Hosted by Sandra Tsing Loh, The Loh Down on Science is a fun way to get your daily dose of science plus a dash of humor in less than two minutes.
Hosted by Sandra Tsing Loh
Airs Weekdays 2:31, 3:31 and 5:49 a.m.

Graphene Chips




Jeff Fitlow/Rice University

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Microchips as tasty as…potato chips?

This is Sandra Tsing Loh with the Loh Down on Science.

You may have heard of graphene. It’s pure carbon arranged in a one atom thick honeycomb pattern. In this form, carbon becomes stronger than steel, and makes better wires than copper. While potentially useful everywhere, this wonder material is expensive and hard to make. But what if making graphene could be as simple as printing on paper?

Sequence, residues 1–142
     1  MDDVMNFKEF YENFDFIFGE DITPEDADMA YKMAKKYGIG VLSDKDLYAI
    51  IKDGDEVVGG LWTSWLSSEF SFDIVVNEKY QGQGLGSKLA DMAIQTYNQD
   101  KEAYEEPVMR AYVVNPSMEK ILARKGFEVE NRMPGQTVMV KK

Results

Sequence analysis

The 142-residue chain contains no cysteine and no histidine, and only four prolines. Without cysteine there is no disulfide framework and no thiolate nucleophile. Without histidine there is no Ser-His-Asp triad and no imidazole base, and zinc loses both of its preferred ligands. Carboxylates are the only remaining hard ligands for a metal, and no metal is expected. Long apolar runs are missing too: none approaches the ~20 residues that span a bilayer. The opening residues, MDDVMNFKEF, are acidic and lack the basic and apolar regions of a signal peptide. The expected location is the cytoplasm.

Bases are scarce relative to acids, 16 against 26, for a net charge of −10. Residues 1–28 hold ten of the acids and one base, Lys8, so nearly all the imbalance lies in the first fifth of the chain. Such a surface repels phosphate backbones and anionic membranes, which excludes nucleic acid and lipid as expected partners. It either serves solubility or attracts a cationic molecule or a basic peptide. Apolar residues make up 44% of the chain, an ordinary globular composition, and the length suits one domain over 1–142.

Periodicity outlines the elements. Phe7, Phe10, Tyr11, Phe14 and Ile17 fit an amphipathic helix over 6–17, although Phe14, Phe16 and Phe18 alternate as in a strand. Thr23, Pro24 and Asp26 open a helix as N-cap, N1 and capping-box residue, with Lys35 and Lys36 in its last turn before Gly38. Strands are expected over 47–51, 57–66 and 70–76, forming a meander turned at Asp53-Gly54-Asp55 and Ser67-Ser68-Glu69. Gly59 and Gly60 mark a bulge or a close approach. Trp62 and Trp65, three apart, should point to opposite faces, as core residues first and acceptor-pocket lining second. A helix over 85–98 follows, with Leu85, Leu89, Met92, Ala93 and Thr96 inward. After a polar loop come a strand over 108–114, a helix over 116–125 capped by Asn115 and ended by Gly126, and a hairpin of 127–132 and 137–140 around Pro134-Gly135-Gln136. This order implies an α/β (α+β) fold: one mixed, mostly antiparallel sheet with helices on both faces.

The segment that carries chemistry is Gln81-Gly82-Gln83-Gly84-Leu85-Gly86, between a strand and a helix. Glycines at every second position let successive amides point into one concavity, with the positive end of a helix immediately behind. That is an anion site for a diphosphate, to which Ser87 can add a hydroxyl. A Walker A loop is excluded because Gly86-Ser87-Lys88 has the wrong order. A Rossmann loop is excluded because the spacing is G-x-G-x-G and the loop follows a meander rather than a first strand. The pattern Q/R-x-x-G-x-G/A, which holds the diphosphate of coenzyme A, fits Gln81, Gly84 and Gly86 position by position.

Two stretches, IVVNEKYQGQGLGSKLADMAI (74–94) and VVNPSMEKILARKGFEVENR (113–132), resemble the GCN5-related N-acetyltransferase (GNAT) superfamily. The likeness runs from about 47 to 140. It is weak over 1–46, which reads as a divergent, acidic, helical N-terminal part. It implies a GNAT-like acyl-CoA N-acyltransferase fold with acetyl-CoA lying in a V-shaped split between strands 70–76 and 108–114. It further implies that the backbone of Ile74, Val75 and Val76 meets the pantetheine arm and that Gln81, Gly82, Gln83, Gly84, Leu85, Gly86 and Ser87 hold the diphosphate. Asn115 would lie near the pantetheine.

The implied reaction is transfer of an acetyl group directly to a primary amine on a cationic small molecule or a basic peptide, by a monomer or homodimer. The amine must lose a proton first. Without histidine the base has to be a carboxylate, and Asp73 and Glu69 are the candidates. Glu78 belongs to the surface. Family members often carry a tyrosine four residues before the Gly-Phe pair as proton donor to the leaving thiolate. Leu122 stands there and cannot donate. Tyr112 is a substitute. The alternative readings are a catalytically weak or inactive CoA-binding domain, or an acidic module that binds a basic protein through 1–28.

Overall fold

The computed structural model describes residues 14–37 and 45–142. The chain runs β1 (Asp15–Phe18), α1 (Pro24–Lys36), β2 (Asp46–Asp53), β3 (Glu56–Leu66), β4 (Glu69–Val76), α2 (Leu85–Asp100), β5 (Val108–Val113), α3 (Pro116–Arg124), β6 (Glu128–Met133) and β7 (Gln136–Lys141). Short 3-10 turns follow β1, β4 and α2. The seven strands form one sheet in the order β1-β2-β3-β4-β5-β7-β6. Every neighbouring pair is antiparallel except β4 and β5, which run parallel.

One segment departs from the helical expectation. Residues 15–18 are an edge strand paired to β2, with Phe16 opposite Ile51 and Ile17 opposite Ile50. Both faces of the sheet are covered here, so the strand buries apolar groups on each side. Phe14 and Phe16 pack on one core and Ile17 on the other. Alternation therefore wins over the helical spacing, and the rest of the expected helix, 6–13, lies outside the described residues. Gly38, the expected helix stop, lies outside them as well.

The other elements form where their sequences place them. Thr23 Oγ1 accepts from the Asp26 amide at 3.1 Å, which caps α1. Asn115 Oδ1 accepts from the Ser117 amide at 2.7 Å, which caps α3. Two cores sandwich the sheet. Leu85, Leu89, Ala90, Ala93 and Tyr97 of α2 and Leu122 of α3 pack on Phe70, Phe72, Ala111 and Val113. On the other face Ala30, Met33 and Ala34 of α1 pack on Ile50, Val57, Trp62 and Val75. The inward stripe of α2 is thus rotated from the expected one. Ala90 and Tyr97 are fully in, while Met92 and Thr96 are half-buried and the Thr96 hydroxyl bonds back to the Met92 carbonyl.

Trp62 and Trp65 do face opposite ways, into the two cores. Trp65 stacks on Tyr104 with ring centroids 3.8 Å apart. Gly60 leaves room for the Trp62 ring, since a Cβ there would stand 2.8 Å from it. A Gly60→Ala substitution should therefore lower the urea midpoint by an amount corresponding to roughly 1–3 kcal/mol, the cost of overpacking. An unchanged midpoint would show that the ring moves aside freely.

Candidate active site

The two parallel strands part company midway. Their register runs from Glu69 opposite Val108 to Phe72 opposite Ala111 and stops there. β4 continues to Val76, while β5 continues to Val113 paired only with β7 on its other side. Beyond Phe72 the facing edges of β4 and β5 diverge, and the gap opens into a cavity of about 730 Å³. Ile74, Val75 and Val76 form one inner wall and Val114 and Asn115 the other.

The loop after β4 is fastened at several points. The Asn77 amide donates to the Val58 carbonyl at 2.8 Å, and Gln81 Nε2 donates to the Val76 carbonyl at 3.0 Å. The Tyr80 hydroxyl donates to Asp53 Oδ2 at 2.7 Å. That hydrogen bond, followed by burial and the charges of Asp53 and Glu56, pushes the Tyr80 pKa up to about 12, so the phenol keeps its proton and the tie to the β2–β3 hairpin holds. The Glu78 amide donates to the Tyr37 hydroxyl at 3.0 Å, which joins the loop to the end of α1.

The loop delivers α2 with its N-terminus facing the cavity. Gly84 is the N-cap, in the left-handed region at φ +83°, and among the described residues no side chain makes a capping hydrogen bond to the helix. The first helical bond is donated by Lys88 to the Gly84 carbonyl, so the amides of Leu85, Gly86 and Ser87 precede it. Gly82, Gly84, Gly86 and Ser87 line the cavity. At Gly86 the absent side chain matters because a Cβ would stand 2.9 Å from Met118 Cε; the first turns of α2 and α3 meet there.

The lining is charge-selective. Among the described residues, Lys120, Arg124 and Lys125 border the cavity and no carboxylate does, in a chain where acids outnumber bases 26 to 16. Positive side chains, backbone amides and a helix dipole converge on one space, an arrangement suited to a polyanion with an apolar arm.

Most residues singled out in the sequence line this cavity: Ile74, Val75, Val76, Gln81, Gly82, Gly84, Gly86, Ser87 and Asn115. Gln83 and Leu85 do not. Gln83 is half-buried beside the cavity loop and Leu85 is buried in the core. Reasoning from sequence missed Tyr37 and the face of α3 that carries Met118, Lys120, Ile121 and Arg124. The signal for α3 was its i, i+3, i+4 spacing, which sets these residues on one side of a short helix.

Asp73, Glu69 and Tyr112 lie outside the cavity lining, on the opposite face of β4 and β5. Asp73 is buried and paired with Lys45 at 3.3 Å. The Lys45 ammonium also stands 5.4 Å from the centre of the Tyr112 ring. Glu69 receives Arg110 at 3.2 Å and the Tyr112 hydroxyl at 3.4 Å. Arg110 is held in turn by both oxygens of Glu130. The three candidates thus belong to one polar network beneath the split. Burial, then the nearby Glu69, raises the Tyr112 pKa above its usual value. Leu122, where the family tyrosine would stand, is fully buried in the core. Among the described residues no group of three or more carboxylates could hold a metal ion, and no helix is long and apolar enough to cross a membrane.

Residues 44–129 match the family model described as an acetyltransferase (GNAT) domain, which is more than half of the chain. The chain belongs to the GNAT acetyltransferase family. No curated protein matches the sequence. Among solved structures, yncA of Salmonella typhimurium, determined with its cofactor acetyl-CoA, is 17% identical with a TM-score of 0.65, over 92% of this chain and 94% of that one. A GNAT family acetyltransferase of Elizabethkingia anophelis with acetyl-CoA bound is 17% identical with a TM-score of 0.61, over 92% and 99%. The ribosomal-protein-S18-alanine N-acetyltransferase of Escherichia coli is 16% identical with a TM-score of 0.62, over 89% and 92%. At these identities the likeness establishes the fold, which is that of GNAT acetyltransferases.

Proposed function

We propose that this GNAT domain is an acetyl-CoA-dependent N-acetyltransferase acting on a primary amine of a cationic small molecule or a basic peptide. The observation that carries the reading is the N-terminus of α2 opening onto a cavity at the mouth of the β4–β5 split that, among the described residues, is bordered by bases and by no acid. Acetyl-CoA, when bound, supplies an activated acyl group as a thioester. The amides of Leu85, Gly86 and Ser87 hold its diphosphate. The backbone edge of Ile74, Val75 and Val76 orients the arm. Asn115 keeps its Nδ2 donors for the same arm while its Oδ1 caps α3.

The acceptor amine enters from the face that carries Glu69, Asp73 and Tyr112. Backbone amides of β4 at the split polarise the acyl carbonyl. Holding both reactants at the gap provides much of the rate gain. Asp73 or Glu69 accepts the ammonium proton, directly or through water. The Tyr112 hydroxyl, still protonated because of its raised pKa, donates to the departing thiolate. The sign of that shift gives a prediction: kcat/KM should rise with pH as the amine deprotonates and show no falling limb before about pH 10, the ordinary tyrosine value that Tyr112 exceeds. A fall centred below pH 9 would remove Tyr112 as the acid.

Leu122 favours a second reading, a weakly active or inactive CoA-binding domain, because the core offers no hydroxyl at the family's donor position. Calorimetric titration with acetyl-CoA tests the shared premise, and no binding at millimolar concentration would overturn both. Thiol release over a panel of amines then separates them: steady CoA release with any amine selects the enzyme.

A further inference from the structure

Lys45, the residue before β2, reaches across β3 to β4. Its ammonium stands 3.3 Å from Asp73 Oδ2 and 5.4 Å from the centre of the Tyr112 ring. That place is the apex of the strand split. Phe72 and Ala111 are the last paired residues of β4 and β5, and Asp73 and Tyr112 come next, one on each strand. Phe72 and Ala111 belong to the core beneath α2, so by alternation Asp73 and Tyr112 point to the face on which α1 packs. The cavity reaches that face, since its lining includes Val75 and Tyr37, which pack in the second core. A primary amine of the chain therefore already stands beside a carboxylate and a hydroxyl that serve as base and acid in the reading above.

Meet James Tour and his team from Rice University. His lab developed a technique called laser induced graphene. They use LASERS to burn graphene onto any surface of carbon. 

You’d be surprised how many ordinary and everyday objects are filled with carbon. The team showed this by drawing pictures using graphene on coal, paper, coconuts and potatoes!

Why is this useful? The technique could be used to print edible microchips directly onto FOOD! These microchips could be sensors that constantly monitor food for E. coli and other bugs. Others could be used to track changes in our health they pass through our systems.

Does that mean these digital potato chips are technically GOOD for you?  I’ll take barbeque. With sour cream sriracha!